Madness and Measure
As an author of speculative fiction and science fiction writings, I have also dedicated myself to helping writers and readers write better and read more effectively. This is Lorenzo Samuel's Advice Blog, which I'm sharing with you.
This month's advice blog is addressed to writers mainly; hold on a minute. Shouldn't readers know how stories are written? Should a reader know of the sweat, toil, disillusionment and exultation of the writer who is attempting to communicate her or his story in some publication? Should the reader see what techniques the writer is using? My guess is that knowing what the writer went through when composing the story would enhance a reader's enjoyment of the story.
“Why?” you might say. As a writer myself, that second paragraph expresses my feelings on the matter. Now, let's delve into the meat for the answer to why.
This week, I finished a reread of Leon Summelian's classic book "Techniques of Fiction Writing: Measure and Madness." By "madness," he did not mean insanity, or anything clinical. A better interpretation of what he meant is irrationality. He felt that the initial creative idea for a story is irrational. That is, it lies in the realm of non-communicated ideas.
The writer's job is to present a story idea to readers in a rational, understandable manner. This is the "measure" one finds in the title of Summelian’s book. The writer must take this idea, afloat in the world of thought among a trillion trillion ideas, bring it out of such a chaos, out of the disorder of all these ideas tumbling about, then put order into it so it can enter reader minds in an understandable and entertaining way. This takes technique!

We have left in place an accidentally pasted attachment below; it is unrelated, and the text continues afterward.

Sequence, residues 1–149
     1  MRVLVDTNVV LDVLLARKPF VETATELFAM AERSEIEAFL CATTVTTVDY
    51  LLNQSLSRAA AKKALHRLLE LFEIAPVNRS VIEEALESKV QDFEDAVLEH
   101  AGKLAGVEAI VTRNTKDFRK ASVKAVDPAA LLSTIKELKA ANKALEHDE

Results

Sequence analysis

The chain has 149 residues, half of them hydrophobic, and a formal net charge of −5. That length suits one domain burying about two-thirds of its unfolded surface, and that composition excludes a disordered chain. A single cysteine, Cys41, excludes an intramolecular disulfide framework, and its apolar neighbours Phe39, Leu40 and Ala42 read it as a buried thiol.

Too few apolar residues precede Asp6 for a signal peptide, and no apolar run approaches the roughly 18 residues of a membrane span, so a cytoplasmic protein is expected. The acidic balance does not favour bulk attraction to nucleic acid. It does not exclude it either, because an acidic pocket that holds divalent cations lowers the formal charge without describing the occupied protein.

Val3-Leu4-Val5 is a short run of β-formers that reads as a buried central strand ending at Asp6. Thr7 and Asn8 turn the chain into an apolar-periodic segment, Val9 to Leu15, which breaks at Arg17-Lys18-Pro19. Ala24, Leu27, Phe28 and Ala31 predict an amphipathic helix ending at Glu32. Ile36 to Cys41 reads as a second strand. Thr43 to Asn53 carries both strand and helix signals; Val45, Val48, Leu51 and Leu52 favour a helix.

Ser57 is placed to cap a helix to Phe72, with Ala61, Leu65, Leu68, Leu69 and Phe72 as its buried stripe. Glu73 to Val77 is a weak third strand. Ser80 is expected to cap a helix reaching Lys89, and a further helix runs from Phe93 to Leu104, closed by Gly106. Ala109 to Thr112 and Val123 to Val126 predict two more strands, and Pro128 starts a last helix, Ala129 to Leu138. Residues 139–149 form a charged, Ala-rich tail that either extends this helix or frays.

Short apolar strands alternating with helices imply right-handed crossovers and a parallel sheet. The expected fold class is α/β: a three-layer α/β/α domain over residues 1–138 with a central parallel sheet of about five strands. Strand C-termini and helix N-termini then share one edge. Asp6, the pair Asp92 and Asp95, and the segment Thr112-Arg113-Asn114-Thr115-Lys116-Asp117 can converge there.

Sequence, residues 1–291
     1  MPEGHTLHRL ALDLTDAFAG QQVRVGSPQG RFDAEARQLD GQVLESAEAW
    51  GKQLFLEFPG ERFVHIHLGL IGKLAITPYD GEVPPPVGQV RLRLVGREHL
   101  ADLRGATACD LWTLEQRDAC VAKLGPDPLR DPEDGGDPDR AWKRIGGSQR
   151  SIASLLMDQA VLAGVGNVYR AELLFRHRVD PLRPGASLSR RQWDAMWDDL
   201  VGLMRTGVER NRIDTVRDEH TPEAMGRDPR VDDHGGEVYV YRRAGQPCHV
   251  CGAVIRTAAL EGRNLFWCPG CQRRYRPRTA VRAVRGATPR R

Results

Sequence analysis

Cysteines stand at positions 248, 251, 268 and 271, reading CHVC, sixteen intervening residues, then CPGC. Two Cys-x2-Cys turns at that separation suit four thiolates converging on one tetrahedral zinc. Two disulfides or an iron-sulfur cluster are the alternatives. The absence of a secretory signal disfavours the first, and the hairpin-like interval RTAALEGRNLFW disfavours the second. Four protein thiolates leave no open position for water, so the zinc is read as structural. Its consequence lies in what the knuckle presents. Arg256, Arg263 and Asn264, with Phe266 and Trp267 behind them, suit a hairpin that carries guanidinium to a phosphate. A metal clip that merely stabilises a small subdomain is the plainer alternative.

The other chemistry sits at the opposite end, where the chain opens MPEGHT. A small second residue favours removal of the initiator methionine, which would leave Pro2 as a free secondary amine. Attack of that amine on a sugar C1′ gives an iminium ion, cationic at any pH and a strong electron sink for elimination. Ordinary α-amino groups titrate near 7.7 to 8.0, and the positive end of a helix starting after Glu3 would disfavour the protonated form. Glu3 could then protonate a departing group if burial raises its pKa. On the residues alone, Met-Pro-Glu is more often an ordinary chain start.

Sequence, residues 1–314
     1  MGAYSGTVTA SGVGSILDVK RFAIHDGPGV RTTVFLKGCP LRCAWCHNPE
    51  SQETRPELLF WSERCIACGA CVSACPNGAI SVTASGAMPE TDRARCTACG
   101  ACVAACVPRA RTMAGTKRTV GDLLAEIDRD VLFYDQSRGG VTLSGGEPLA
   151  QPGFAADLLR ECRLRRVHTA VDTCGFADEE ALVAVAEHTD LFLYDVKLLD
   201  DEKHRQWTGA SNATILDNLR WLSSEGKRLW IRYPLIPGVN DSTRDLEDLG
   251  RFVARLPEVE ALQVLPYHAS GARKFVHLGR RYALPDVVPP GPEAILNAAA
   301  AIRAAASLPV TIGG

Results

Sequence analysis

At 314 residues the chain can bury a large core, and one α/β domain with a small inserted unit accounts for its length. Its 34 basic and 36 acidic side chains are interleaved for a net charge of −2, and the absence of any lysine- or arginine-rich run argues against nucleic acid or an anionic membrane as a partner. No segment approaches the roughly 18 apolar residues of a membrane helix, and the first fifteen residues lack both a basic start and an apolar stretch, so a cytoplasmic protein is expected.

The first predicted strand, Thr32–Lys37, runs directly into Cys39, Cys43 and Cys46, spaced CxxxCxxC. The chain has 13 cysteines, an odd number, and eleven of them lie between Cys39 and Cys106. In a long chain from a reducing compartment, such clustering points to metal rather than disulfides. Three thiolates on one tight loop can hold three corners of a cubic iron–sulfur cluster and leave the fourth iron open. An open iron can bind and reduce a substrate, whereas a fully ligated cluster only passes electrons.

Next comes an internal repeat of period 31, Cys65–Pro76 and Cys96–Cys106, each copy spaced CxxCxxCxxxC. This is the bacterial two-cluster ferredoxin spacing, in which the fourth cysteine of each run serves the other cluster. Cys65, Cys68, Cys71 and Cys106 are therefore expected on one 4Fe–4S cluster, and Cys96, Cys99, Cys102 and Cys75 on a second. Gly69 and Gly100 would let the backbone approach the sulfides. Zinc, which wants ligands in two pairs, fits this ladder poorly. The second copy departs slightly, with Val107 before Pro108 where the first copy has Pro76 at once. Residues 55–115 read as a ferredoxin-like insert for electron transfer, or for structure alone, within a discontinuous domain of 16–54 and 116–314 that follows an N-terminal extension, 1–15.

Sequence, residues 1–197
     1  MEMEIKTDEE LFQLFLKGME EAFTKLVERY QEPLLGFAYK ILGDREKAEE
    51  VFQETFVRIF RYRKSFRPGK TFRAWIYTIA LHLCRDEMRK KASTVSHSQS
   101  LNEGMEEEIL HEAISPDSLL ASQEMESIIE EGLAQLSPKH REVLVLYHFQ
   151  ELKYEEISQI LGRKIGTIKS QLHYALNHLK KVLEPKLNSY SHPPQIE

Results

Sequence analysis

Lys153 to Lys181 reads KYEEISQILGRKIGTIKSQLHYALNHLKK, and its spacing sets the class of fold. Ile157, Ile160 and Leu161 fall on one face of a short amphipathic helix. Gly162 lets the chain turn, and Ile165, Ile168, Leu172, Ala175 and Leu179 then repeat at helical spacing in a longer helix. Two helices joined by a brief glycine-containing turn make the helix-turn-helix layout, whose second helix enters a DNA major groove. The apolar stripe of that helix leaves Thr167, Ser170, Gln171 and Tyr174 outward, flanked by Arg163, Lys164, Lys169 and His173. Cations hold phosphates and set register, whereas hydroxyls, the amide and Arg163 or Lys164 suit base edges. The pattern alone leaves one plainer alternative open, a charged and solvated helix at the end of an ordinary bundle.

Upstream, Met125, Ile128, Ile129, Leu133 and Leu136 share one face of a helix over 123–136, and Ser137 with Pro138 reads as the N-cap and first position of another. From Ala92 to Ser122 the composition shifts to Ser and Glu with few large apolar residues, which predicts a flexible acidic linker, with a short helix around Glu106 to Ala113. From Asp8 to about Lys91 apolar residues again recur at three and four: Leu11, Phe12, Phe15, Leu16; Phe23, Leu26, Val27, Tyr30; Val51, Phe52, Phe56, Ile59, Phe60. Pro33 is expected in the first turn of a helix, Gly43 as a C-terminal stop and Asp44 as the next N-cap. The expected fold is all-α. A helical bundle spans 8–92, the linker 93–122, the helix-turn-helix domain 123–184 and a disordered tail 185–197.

To date, the madness aspect of an author is not teachable; however, the measure aspect is. A writer can learn how to characterize and plot, how to write scenes with impact, how to present crisis and climax and resolution, that is, how to effectively present a story to a readership.
Toil, sweat and disillusionment lie in the writer's measure. A well-known screen-story writer was asked how he wrote successful screenplays, one after the other. He thought about the question‒no snap answer here‒and finally said that he put his forehead against a blank piece of paper until the forehead bled. This was not a flippant answer. Not trite or cute. It was real, a metaphor that expressed the mental and emotional turmoil this writer went through to write a story that would communicate to viewers.
People are idea factories. Many feel they can write a story. After all, they’ve read many stories. The idea is exciting and new. It's fantastic. It's important. It ought to be told. That's the madness part. Now comes the work. They write the story. It's rejected by agent or editor. The potential writer shoves the manuscript in a drawer. Will work on it later. Never does complete it. A failed writer. Many of such inhabit this world.
What they have failed at is not the idea, the madness. It was great. The failure came in the measure, the presentation of the idea so readers could read it effectively and be entertained to boot. It comes down to persistence and learning.
My advice here is, yes, put it in a drawer. Then get dedicated, get professional by learning the measure, the technique of presenting a brilliant story idea to as many readers as possible.